With that said, he wasn't overrated. His physical talent is only matched by a few in boxing history. With a unique mix of speed, power, and unorthodox punch placement, he knocked opponents out with a single shot that went the distance with the likes of prime Julian Jackson, Nigel Benn, and James Toney. Guys like Thulani Malinga, Thomas Tate, Montell Griffin, and Virgil Hill were notoriously hard to hurt. All were KO'd with one punch.

Blowing out fighters who were not supposed to be blown out is the underrated aspect of his career." - Michael Nelson

4. Among his contemporaries (let's say 1988 onwards) where does Roy rank?

"I think Whitaker is clearly the best of them. Roy is in a lump with Hopkins & Holyfield for me. I have them both ahead of him, but I wouldn't argue too hard if you flip flopped them." - Mark Lyons

"I think Hopkins and Whitaker are ahead of him, at the end of the day, Pacquiao will be too." - Jeff Pryor

"I'd put Whitaker, Hopkins and Pacquiao ahead of him for sure. Maybe James Toney. I think he was arguably the most talented fighter of the past 20 years, but that doesn't count for anything in and of itself. Although, he still managed to have a great career by any standards." - John Vaci

"The list is Hopkins, Whitaker, Holyfield, Roy and Pacquiao. Who do I think was the best? Hopkins. Who did the most? Sweet Pea. Manny still has time to change my mind." -Lee Payton

"Right now, anywhere from 1 to 3. It's real close between Whitaker, Hopkins and Roy." - Andrew Fruman

"As far as fighters who started their career in or after 1988, I'd only put Bernard Hopkins above him. Manny Pacquiao is level and may surpass him this year." - Michael Nelson

5. Do you consider him an all-time great (let's say top 30 all-time)?
"Saying all time greats are only top 30 is a bit limited to me. He is in that range. Closer to top 40 for me, but that qualifies as an all time great from where I sit." - Mark Lyons

"Based on talent he's an all time great. Probably not top thirty, but he's got a solid chance to win against anybody who ever stepped into the ring. Less talented greats are above him. He's a bit like a Ferrari in the garage; amazing car, but if you never take it out or only to a controlled track and keep it at fifty five mph, who's to say that your average jalopy on the highway doing seventy isn't the more valuable vehicle." - Jeff Pryor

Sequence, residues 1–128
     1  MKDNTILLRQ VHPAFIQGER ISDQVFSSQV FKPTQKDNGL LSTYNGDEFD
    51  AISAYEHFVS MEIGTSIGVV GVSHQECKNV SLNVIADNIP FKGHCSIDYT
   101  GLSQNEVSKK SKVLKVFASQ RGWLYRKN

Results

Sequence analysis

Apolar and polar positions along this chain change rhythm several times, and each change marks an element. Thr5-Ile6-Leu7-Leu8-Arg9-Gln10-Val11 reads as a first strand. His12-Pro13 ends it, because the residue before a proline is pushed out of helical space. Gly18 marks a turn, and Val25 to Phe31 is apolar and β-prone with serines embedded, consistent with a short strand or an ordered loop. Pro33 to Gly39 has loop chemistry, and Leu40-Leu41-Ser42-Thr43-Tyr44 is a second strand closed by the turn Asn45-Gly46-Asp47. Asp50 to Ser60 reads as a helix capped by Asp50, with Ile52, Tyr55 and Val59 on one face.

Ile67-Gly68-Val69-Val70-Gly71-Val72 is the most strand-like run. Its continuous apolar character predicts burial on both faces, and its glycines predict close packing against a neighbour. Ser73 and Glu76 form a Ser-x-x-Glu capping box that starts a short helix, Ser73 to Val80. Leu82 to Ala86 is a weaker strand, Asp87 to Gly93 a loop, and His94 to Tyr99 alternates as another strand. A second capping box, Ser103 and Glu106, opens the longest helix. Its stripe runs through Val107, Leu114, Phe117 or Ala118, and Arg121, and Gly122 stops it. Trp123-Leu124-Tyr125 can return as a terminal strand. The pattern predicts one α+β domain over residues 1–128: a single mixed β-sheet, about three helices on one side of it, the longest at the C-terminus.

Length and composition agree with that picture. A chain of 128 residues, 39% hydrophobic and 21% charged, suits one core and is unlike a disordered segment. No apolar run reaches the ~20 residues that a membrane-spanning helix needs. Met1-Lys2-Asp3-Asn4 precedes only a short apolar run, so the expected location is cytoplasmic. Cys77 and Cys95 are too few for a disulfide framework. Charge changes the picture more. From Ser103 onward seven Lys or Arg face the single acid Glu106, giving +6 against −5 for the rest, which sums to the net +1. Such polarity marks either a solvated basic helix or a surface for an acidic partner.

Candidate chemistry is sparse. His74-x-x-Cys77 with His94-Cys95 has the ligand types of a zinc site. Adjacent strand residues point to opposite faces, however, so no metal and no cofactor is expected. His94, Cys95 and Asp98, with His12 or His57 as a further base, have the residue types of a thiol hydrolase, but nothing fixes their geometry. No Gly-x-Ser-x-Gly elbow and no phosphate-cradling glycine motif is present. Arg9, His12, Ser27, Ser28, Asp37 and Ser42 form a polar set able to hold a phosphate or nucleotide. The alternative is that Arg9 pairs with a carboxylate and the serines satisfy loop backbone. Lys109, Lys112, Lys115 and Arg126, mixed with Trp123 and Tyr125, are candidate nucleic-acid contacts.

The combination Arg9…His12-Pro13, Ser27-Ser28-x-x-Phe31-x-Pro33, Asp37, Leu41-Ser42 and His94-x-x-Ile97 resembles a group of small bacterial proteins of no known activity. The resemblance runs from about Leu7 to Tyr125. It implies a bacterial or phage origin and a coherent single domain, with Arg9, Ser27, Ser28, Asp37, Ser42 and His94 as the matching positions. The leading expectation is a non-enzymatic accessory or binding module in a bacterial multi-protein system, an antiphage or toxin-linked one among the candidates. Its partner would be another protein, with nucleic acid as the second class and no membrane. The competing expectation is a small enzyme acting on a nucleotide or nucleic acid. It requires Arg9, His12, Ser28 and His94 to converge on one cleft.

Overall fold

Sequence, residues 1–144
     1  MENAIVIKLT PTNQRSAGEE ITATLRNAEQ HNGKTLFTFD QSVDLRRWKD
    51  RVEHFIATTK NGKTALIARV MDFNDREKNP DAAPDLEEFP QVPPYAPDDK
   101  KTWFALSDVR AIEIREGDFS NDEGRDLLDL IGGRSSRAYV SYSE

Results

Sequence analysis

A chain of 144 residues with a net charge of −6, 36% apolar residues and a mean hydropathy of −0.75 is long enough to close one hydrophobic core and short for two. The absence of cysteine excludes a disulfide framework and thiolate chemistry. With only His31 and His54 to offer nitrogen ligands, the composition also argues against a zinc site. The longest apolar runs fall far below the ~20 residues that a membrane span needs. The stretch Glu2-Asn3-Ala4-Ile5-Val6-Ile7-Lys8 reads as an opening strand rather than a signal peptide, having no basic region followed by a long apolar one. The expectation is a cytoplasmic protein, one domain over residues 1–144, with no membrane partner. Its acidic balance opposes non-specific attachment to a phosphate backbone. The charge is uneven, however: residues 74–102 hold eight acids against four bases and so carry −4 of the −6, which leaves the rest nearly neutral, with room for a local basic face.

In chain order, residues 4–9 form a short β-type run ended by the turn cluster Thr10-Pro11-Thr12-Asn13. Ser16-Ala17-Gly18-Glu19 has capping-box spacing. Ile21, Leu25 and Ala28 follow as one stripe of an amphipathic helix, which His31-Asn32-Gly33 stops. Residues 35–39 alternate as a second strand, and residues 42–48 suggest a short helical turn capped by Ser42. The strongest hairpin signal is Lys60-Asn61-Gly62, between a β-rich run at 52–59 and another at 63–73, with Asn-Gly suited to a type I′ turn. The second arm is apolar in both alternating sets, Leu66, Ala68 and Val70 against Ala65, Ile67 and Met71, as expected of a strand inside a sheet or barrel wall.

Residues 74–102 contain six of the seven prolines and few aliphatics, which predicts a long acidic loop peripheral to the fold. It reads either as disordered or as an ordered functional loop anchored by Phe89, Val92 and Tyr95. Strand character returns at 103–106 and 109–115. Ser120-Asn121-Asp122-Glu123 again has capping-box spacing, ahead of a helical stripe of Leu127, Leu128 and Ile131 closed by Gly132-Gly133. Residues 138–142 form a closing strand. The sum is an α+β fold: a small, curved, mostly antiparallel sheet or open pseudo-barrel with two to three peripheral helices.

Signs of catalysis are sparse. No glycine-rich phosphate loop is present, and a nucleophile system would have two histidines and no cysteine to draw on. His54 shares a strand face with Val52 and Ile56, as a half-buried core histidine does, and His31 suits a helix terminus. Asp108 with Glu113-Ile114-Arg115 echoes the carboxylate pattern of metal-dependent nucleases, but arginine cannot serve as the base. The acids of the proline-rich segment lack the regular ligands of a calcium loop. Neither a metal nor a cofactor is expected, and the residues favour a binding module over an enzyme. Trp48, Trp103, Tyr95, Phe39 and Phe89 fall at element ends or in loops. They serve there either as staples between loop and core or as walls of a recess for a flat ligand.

"Roy wasn't an all-time great. Although he was close--probably only a 2-3 quality wins away from being one." - John Vaci

"Yeah. I consider him a all-timer, partly because I recognize that boxing was much different 60+ years ago, and therefore it's going to be extremely tough for any modern fighter to break into that select group. The old time fighters just had more opportunities to prove themselves. It's a little harder to rack up a load of top quality wins these days, and losing a fight is much more devastating to a fighter's career and legacy than it used to be. Say from 1970 to present day, how many fighters could you possibly have above him? He's in that top 10 for sure, and when you're that good, you can hang with anyone. That's good enough for me. I don't expect that explanation to satisfy everyone though.

If I was being strict about it, I'd have to say no. The way his career ended prevented him from reaching that territory." - Lee Payton

"On his best night, I'd say he's probably among the top 10-15 fighters (maybe even higher) ever to step in the ring. But in terms of what he actually accomplished, he might fall a little short." - Andrew Fruman

"I'd consider him an all time great. Perhaps being a greedy boxing fan, I wish he would have tested himself enough to reach for GOAT status." - Michael Nelson


Dread said...

Roy was teh GOAT. The atmosphere for his fights was so electric because you always had the feeling he was unbeatable. I wish he would have had a bit better comp, but he stomped some all time greats. (First one of you that says he didn't stomp Toney gets a wet noodle spanking)

Andy said...

He did handle his top opponents very impressively. That just makes you wish even more that he would have tried to challenge himself to a greater extent in his prime.

Lee Payton said...

What realistic fights do you wish he would have taken?

dread said...

that's the problem, right? He seemed to fight who he should have fought, minus Darius, but the competition just never materialized. Sort of like BHop was at 160. He cleared the division so what's he supposed to do?

Andy said...

Defending his light-heavyweight belts twice a year is impressive to a point, but I think there were options if he was willing. He could have put ego aside and agreed to terms with Hopkins for a rematch, or made sure a fight with Darius happened, or maybe moved up to fight the top guys at cruiser, etc.

Roy had the clout to make bigger things happen, that would have given him a chance to deservedly be mentioned with the likes of Robinson, Armstrong & Duran. He just didn't do it.